“It’s been nine months of endless preparation and a lot of dedication, and I couldn’t be happier with the outcome,” said Jalen Rose, Alternative Breaks programmer. “I couldn’t be happier with the group of students to get this program underway.”
It was time to start our journey to our Alternative Breaks trips. Twenty-six students were split into three groups were about to head out in vans and cars, driving towards Goshen, Indiana and Cleveland, Ohio.
Break Away Alternative Breaks is a nationwide program that allows students to do community service based on academic break periods. The length of these trips can last from a day to several weeks. The University of Michigan-Dearborn Alternative Breaks program is led by the Civic Leadership Board in the Office for Student Engagement.
Organized by faculty Brendan GaIlagher, coordinator, and Jalen Rose, it is an opportunity to learn how cities outside of our own are contributing to their communities in substantial ways. Following the eight components of strong direct service, diversity and social justice, full engagement, orientation, education, training, reflection and orientation, students were on a mission to learn more and bring these ideas back to the Metro-Detroit area.
“The vision of Alternative Breaks is creating a world of active citizens,” said Gallagher. “The concept of if we’re going to be here, we have a responsibility to the communities we’re a part of, as well as our national and global communities.”
On my trip in Goshen, Indiana, I learned a lot of things that helped to adjust my mission in my journalism career. I know that the housing crisis is very high in Detroit, but I was able to see how this issue is being solved by an organization located in a different city. It was eye-opening to see how this organization has been able to advance the lives of others in such an immense way and it has showed me that this is possible in the city of Detroit as well.
La Casa, an non-profit in Goshen, Indiana, has impacted the community endlessly for many years. The three features of La Casa are affordable housing, financial planning and assisting with immigration. My group of Spring Breakers — name we gave ourselves — were able to talk to every employee that works for the organization. They were genuinely willing to serve their community as much as possible.
It may feel like you’re not having a huge impact on our community, but you, the next group and people in the community working together over time, we’re weaving a tapestry,” said James Davis, Chief Operating Officer. “What you don’t see is the sustained impact on our community over time.”
During the trip, we assisted with the renovation of what was once a mansion. The mansion had been separated into four apartment units, which will create living spaces for four families in Goshen. Throughout the week, we scraped the basement’s stone, grouted holes where water was seeping in and then cleaned the units. In the end, I had not realized how much work goes into the renovation of apartments.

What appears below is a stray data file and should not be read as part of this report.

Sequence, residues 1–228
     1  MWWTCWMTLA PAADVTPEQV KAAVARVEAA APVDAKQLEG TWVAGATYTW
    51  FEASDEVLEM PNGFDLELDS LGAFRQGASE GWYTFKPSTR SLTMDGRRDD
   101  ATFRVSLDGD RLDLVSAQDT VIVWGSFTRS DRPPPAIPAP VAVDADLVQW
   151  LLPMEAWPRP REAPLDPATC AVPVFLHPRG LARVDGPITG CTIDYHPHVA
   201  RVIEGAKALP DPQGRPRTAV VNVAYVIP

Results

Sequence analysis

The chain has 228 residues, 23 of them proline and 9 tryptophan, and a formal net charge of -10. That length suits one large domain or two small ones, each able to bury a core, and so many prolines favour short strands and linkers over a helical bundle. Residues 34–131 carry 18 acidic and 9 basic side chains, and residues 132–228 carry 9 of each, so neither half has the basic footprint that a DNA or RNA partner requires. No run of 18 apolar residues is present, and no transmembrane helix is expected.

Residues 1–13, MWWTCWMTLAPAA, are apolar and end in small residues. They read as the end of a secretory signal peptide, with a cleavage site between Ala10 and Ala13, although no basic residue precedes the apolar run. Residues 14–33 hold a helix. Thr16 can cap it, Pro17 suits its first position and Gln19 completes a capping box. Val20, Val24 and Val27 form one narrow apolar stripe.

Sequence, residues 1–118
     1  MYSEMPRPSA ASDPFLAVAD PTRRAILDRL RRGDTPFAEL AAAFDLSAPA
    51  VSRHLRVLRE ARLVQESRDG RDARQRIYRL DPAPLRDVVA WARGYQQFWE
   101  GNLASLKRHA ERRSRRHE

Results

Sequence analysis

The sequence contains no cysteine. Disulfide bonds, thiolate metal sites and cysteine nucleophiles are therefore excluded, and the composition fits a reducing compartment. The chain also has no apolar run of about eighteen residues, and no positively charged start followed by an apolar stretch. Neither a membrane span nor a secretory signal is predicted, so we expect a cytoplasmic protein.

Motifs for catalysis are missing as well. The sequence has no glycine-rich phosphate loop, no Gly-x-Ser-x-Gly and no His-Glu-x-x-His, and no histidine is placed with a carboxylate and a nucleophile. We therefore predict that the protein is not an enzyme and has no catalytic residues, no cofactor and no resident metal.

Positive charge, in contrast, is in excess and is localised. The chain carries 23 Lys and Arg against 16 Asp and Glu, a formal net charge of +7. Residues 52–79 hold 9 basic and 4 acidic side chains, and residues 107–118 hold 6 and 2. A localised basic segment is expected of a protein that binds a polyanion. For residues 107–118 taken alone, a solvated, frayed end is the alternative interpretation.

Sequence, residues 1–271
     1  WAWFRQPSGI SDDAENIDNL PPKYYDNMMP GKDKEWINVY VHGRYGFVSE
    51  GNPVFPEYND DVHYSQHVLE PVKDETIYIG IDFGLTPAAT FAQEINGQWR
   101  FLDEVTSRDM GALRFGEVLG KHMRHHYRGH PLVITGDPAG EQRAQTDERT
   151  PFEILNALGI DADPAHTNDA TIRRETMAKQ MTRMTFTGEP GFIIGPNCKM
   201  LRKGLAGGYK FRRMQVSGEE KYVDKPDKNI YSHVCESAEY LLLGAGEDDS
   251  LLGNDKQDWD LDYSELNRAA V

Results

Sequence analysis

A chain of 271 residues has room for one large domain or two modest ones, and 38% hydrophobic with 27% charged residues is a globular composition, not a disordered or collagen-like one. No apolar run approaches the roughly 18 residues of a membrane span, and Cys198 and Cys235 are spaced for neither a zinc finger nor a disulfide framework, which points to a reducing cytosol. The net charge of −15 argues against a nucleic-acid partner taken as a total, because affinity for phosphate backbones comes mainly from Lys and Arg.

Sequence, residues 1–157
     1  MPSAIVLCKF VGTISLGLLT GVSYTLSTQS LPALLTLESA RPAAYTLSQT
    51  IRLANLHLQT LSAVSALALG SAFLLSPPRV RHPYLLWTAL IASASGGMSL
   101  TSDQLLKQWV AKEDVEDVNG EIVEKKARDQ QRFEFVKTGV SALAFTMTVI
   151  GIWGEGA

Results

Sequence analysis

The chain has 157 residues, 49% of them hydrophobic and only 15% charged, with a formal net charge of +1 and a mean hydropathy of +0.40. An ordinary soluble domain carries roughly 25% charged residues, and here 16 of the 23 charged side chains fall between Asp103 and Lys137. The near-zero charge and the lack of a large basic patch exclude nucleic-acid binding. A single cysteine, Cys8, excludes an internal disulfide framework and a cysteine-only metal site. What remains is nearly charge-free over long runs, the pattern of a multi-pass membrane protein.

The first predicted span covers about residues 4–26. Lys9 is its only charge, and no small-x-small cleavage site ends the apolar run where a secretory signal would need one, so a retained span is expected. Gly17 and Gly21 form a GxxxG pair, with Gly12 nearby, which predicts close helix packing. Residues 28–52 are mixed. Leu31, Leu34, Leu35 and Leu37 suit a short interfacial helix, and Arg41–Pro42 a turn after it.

One amazing event during this trip was being able to visit and have dinner with an Amish family. I now have a better understanding of their culture and why they choose this way of life, when the entire world around them is advancing so fast.
When one student asked what happens when their children decide to leave their culture, our host Joe responded with “if they explore the world, 90 percent of them will come back.”
While passing horses and buggies on the way home, we also discovered that Dwight Schrute from “The Office” is from an Amish family. I guess he was one that branched away from the Amish way of life.
Overall, Alternative Breaks are to create a learning experience that makes you think critically about the service you are completing.
“I’ve learned to be intentional in everything I do, especially in regard to serving my community,“ said Sara Alqaragholy, Civic Leadership Board member and Alternative Spring Break attendee. “How does my existence and my service impact others?”
The goal is to make Alternative Breaks as affordable as possible in hopes to make this opportunity accessible to everyone. My trip to Goshen, Indiana was at the affordable price of $50, including all expenses paid for a week of traveling, two rental cars, gas, food and a place to stay.
“It gives students — who may not be able to vacation — to see other communities and have these exciting, impactful experiences outside of what they see everyday,” said Rose.
If given the opportunity, I think that every student should try to experience an Alternative Break. Learning about how other cities are doing good work in their communities has inspired many to come back to their own city and volunteer. Be sure to find the learning objective that fits you most so that you can gain a better understanding of the work you are accomplishing.
There are plans to expand Alternative Breaks and the Civic Leadership Board has aspirations to host trips during summer and winter breaks. Applications for Alternative Spring Break will launch on VictorsLink in January 2020. There are two site leaders to every trip, and that is also a position that you can apply for.
For any questions, visit the Office for Student Engagement, and they will direct you to Brendan Gallagher or Jalen Rose.